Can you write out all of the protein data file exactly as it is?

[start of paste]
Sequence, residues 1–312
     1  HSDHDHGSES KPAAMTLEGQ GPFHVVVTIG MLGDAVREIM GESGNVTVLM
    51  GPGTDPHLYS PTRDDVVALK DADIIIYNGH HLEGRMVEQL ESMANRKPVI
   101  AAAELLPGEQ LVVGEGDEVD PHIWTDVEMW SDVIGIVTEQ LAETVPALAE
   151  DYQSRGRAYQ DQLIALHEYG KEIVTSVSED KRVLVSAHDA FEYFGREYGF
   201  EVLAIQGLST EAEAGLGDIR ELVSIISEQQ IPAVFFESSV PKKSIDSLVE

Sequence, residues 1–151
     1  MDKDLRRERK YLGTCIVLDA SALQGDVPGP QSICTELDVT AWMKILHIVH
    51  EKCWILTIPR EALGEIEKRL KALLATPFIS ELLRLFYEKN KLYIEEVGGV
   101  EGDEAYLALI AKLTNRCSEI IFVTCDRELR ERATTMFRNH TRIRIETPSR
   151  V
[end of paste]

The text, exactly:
Sequence, residues 1–312
     1  HSDHDHGSES KPAAMTLEGQ GPFHVVVTIG MLGDAVREIM GESGNVTVLM
    51  GPGTDPHLYS PTRDDVVALK DADIIIYNGH HLEGRMVEQL ESMANRKPVI
   101  AAAELLPGEQ LVVGEGDEVD PHIWTDVEMW SDVIGIVTEQ LAETVPALAE
   151  DYQSRGRAYQ DQLIALHEYG KEIVTSVSED KRVLVSAHDA FEYFGREYGF
   201  EVLAIQGLST EAEAGLGDIR ELVSIISEQQ IPAVFFESSV PKKSIDSLVE

Sequence, residues 1–151
     1  MDKDLRRERK YLGTCIVLDA SALQGDVPGP QSICTELDVT AWMKILHIVH
    51  EKCWILTIPR EALGEIEKRL KALLATPFIS ELLRLFYEKN KLYIEEVGGV
   101  EGDEAYLALI AKLTNRCSEI IFVTCDRELR ERATTMFRNH TRIRIETPSR
   151  V